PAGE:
Chart Patterns

Chart Patterns: Pullback and Throwbacks

The most common term people associate with retracements in price that retest prior areas of support or resistance is a pullback. There is another term that goes with pullback, and that is a throwback. Let’s review the differences between these two definitions.



Pullbacks occur after the price has moved lower. Think of any pattern or support line that has price breaking out to the downside. When price pulls back up to the price level of the initial break, that is known as a pullback. Pullbacks occur during breakouts lower.





Throwbacks occur after the price has moved higher. Think of any pattern or level of resistance that has price breaking out to the upside. When the price is thrown back down to the first level of the break, that is known as a throwback. Throwbacks occur during breakouts higher.

While there are different definitions for retests of breakout zones, know that people will often call throwbacks, pullbacks. In practice, the description itself does not matter as much as you see the behavior that price exhibits after breaking out of support or resistance. The table below identifies the average occurrence rate for a pullback or throwback from the following patterns.


Pullback Rate (%)

Throwback Rate (%)

Ascending Triangle



Descending Triangle



Double bottom



Inverse Head-And-Shoulder






Symmetrical Triangle



Triple Bottom



Triple Top



The table above comes from Thomas Bulkowski’s book, ‘Visual Guide to Chart Patterns.’ His book is part of the Bloomberg Financial Series. Bulkowski is, by far, the authority on the frequency of patterns experiencing pullback and throwbacks. His work focuses extensively on chart patterns. However, there is one problem, and it has nothing to do with his phenomenal work. This is a problem for anyone who focuses primarily on the Forex markets. Why? Because Bulkowski’s work and the broader technical analysis writer/education community focuses primarily on equity markets. This is a big deal because equity markets spend the vast majority of their time in one direction: up. This is especially true over the past decade. Again, this is not a dig towards the truly phenomenal authors and analysts who spend years creating their written work – it’s just a reality of the world we are in. It’s important to understand that the Forex markets, as we know them, are still a relatively new market – especially when compared to the stock market.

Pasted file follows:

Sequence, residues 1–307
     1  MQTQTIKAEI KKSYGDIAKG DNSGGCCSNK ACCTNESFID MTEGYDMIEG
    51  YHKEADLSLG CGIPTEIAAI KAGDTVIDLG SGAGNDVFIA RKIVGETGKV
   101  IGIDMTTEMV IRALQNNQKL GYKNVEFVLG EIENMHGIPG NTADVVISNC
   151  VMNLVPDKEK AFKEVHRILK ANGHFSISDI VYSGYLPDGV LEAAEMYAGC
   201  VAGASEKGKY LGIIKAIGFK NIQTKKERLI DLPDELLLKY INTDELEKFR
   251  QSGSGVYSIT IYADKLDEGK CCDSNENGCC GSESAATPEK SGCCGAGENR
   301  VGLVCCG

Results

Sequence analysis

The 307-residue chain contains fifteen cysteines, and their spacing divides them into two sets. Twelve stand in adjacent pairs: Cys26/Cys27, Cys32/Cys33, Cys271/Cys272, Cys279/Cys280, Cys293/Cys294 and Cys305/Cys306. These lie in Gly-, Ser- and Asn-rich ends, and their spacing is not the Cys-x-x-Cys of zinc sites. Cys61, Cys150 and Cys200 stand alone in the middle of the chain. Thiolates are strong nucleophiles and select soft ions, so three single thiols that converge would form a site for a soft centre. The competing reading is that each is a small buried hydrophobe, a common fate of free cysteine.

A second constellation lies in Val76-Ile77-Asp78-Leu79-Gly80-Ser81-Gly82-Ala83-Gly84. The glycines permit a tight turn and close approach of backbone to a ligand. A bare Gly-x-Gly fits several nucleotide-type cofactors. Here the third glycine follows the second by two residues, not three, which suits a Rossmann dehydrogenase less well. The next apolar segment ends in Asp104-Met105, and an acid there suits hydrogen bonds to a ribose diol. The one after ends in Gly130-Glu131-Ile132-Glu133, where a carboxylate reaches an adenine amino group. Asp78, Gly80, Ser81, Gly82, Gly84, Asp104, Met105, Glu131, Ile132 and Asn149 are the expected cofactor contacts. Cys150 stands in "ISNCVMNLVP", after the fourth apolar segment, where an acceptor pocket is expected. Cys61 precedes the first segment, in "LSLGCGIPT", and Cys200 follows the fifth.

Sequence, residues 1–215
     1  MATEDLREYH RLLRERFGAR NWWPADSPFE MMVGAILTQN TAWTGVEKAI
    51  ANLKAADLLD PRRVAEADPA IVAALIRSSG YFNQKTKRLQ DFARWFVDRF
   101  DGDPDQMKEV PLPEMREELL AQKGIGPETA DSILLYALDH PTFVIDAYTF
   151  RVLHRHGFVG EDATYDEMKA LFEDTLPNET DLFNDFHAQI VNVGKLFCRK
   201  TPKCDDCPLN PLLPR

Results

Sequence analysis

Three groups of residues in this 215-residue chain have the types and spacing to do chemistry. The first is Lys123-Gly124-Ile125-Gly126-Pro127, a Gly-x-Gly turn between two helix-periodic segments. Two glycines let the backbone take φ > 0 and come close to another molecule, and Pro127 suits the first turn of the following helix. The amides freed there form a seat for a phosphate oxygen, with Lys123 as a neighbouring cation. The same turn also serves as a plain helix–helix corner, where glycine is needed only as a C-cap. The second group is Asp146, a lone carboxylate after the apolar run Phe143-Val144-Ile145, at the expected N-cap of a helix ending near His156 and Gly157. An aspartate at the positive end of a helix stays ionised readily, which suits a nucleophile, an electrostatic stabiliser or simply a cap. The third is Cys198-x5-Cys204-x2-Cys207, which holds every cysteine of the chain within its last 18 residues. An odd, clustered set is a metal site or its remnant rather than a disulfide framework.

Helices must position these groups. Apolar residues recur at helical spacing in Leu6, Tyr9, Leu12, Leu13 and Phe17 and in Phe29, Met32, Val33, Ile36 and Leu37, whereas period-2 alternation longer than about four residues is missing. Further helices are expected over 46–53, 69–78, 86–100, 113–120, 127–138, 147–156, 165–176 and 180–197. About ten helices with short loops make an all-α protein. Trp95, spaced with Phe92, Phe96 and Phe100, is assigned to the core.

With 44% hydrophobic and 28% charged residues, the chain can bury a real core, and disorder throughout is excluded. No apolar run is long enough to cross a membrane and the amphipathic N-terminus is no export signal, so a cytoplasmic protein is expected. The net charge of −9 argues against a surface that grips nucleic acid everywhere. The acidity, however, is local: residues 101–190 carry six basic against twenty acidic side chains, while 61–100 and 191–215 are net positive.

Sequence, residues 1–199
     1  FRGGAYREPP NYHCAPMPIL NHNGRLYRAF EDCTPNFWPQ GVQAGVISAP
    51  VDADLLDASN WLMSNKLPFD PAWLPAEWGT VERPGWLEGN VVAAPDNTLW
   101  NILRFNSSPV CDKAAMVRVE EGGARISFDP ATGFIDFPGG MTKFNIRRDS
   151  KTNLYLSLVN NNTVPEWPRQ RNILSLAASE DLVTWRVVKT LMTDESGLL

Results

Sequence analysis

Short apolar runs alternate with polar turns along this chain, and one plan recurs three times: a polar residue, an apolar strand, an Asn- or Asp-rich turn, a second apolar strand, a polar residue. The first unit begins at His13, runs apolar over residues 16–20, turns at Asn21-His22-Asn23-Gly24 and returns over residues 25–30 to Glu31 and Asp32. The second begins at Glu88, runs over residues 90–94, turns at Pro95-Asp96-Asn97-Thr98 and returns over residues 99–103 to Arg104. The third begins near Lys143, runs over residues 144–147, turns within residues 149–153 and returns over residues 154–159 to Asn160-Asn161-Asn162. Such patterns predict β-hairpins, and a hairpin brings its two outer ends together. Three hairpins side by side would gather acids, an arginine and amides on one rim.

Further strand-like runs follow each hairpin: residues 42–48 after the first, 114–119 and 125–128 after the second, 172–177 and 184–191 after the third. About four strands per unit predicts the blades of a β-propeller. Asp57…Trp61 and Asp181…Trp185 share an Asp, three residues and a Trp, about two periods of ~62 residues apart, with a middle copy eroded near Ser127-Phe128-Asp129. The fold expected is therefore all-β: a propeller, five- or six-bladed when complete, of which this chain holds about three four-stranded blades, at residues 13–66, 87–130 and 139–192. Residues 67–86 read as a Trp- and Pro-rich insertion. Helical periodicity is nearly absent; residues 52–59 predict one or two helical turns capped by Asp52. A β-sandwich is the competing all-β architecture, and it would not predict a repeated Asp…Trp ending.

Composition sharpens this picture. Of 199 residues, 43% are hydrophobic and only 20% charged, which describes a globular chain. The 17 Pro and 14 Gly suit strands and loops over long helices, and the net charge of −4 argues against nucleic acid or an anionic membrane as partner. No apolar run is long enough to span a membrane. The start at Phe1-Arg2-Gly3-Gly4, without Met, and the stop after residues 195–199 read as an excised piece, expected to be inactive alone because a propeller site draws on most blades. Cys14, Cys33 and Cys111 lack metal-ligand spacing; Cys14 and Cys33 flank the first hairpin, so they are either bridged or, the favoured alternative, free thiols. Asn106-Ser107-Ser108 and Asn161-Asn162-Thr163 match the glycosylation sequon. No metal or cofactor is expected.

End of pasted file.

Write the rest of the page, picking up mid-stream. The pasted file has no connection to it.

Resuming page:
If you read Bulkowski’s work or any other work studying the frequency of throwbacks and pullbacks from patterns and support/resistance – I would recommend attributing the same rate of throwbacks to pullbacks in the forex market.



Bulkowski, T. N. (2013). Visual guide to chart patterns. New York, NY: Bloomberg Press.

Bulkowski, T. N. (2008). Encyclopedia of candlestick charts. Hoboken, NJ: J. Wiley & Sons.

Bulkowski, T. N. (2002). Trading classic chart patterns. New York: Wiley.


By Arthur Simmons

Educator, writer and trader with a private equity fund located in the US. Trading methodology based on astronomical and Gann based time cycles with a focus on price action only charting for trade execution and trade management.

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